The shuttle left in a timely fashion for the post position draw for Breeders� Cup XXIV from the media hotel, headed for Monmouth Park. The Garden State prize race course will dance its first on this huge national stage.
And the people around here act as if they can�t wait.
Since we�re in Springsteen country, we took the backstreets through Long Branch, crossed over Route 36, and there we were, on the new, nearly unrecognizable backstretch. At least to me, anyhow. Every bit of 15 years since I�d been on the backside here.
It was a spiffy luxury coach that carried us, a little over the top considering at the time the 38-seater was carrying only myself and my new best friend, who writes a column for Queensland, Australia�s Country Life called �Down The Straight with Phillip Bate.�
As in �G�day mate.�
His column sounded so cool I considered changing to a pseudonym until I conjured up all the potential choices and figured I�d better play it safe.
In my new role as cheeky American, I presumed to tell him all he needed to know about Monmouth from the time we entered the backstretch gate to the front of a newly spruced up clubhouse, all of about a minute.
�Yeah, see all those satellite dishes and production trucks and tents,� I advised. �That�s the way it works. If a track wants to host the event, they get together with their Chamber of Commerce and make their pitch. The state came up with $30 million for track improvements for this one. If the Breeders� Cup say it�s a go, know one thing: It�s their show."
Phillip and I walked into the tent where the draw was to be held. Bacon and eggs first. Post positions complete the exacta. But the first thing you see were huge banners with reproductions of the horses that distinguished themselves in races run in New Jersey then went on to win the Breeders� Cup that same year.
The two-year-old filly champion of 1988; a Jersey-bred. And older female champion Lady�s Secret, a stakes winner at the Shore track that parlayed her win in the 1986 Distaff into a Horse of the Year title as well. And there were others, many others.
The start of the program was delayed almost an hour before all would learn the Breeders� Cup would have its first cross-entered horse, a rules violation.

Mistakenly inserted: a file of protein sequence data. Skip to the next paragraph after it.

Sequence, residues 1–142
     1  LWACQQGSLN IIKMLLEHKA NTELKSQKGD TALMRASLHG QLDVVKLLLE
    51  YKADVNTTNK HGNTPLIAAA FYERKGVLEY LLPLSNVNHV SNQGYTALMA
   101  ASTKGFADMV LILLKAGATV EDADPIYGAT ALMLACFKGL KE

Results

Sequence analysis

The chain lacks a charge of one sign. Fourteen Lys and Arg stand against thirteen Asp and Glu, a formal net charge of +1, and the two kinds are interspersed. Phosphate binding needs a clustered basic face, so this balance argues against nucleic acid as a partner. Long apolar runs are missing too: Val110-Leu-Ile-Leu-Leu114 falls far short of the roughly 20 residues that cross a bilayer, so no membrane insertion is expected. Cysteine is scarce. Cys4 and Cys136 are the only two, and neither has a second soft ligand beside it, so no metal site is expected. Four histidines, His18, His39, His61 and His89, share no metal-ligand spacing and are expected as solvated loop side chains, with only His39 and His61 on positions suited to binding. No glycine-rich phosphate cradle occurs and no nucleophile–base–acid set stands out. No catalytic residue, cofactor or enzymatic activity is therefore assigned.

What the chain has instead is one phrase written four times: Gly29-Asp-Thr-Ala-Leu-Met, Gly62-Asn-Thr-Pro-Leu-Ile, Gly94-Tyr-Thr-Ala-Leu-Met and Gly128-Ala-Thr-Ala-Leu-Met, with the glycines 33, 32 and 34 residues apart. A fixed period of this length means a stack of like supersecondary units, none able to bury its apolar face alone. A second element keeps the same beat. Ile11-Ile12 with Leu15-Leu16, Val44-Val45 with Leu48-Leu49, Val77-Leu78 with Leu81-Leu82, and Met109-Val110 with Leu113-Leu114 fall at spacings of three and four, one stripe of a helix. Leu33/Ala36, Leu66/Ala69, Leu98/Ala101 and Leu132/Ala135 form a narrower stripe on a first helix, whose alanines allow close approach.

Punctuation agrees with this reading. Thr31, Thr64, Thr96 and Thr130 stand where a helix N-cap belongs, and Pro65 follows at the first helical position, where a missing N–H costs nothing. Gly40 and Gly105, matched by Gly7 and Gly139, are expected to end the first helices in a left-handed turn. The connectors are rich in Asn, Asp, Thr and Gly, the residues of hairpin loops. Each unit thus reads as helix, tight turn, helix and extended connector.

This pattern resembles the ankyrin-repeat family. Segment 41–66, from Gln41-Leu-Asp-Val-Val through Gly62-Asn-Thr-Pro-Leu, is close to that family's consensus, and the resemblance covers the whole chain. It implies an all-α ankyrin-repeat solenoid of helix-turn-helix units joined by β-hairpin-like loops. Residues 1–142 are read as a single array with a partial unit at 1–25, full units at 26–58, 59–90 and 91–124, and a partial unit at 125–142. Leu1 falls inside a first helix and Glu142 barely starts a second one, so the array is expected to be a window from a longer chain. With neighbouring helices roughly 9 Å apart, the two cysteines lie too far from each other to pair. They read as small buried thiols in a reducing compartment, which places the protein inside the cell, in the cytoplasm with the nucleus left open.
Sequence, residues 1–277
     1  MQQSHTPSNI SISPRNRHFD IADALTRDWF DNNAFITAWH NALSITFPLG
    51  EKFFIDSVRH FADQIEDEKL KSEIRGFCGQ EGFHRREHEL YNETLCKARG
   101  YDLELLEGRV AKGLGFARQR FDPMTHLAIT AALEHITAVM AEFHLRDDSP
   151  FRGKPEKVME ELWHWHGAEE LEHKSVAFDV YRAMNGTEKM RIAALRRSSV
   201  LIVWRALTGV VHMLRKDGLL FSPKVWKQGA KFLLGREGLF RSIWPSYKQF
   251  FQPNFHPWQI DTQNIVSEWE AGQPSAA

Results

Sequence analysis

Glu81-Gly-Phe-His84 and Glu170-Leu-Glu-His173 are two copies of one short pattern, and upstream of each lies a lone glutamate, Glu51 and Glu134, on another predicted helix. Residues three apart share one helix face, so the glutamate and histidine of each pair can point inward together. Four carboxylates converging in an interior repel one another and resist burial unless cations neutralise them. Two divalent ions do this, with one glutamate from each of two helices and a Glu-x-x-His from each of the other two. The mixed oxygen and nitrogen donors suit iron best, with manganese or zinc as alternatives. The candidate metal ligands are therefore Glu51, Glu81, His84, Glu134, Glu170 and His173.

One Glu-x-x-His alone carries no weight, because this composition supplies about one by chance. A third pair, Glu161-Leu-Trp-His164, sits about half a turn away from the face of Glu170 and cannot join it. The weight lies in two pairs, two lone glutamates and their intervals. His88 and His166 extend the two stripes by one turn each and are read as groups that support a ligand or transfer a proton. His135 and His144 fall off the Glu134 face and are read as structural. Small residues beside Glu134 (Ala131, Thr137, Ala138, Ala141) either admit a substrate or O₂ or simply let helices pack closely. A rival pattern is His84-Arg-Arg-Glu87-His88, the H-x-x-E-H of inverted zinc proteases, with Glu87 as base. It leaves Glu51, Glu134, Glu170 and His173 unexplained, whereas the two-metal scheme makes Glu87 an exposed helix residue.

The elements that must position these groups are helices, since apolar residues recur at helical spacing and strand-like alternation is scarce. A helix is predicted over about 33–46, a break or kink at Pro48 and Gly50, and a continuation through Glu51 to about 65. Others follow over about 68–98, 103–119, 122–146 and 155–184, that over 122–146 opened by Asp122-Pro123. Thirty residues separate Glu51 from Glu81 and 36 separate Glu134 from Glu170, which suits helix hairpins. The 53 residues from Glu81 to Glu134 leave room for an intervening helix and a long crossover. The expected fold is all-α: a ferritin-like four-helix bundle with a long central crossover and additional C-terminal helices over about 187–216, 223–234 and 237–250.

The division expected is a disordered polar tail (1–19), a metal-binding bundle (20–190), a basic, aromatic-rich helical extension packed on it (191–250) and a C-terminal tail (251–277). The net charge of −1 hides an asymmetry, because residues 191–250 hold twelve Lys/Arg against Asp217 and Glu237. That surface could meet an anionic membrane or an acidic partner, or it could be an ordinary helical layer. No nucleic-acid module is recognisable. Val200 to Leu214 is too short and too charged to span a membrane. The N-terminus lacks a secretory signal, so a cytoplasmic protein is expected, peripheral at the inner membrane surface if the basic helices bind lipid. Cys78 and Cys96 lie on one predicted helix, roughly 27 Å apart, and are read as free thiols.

But since Forefathers was entered in the Dirt Mile on Friday and the Sprint Saturday, it was determined it was permissible since the races were run on different days. Further, his participation in either event was not preventing another would-be entrant from starting in either race.
Actually, Forefathers could run in both. That�s been done before; a horse racing on back-to-back days. But never at this level. Racing in both would be an extreme longshot, of course. Fun to think about, nevertheless.
Meanwhile, Phillip was leaning over and telling me about his good fortune.
It was his first Breeders� Cup, a true international event. And how often, he wondered, do you get to make your debut and sit down at the same table to share coffee and conversation with none other than Lawyer Ron, the man, not the critter.
The critter, obviously, is the best older horse in training and was made the early line 5-2 favorite to win the Breeders� Cup Classic and title Horse of the Year 2007?
I didn�t have the heart to tell Phillip this doesn�t happen every day.
Lawyer Ron, the man , is managing the estate of his good friend, the owner/breeder of Lawyer Ron. Hines drowned in a pool accident at his home just before the horse ran in last year�s Risen Star Stakes while prepping for the Derby.
Ron Bamberger, Hines� lawyer and long time friend, is the animal�s namesake. Naturally, Bamberger and his wife, Gina, were very interested parties at yesterday�s draw.
�I�d like to see him draw outside [expected pacesetter] Hard Spun,� Bamberger was saying moments before the draw for the Classic. He winced only slightly when pill number 1 was pulled. �So much for [relaxing]. He�ll have to hold his position into the first turn.�
�We�re certainly hoping to have a better finish than we had last year,� added Gina Bamberger. Lawyer Ron finished ninth behind 2006 Horse of the Year Invasor.
Meanwhile the draw was running late, which was probably the reason Mike Tessitore rushed through the process, failing to give the declarations from the races first and never explaining the cross-entry of Forefathers until prodded by the audience. He got a little better as the program wore on, but only a little. Someone should have thought to coach him first.
�You guys are tough,� said a Breeders� Cup representative, assigned to make Bamberger feel at home during the breakfast draw. I explained that I felt compelled, as HRI�s head tweaker, to keep everyone honest. He didn�t seem impressed.
But Phillip Bate from Down The Straight was: �Imagine, you sit down at a table for your first Breeders� Cup and wind up sitting across from the owner of the early line favorite for the Classic and Horse of the Year.�
I didn�t have the heart to tell him: This sort of thing happens all the time over here.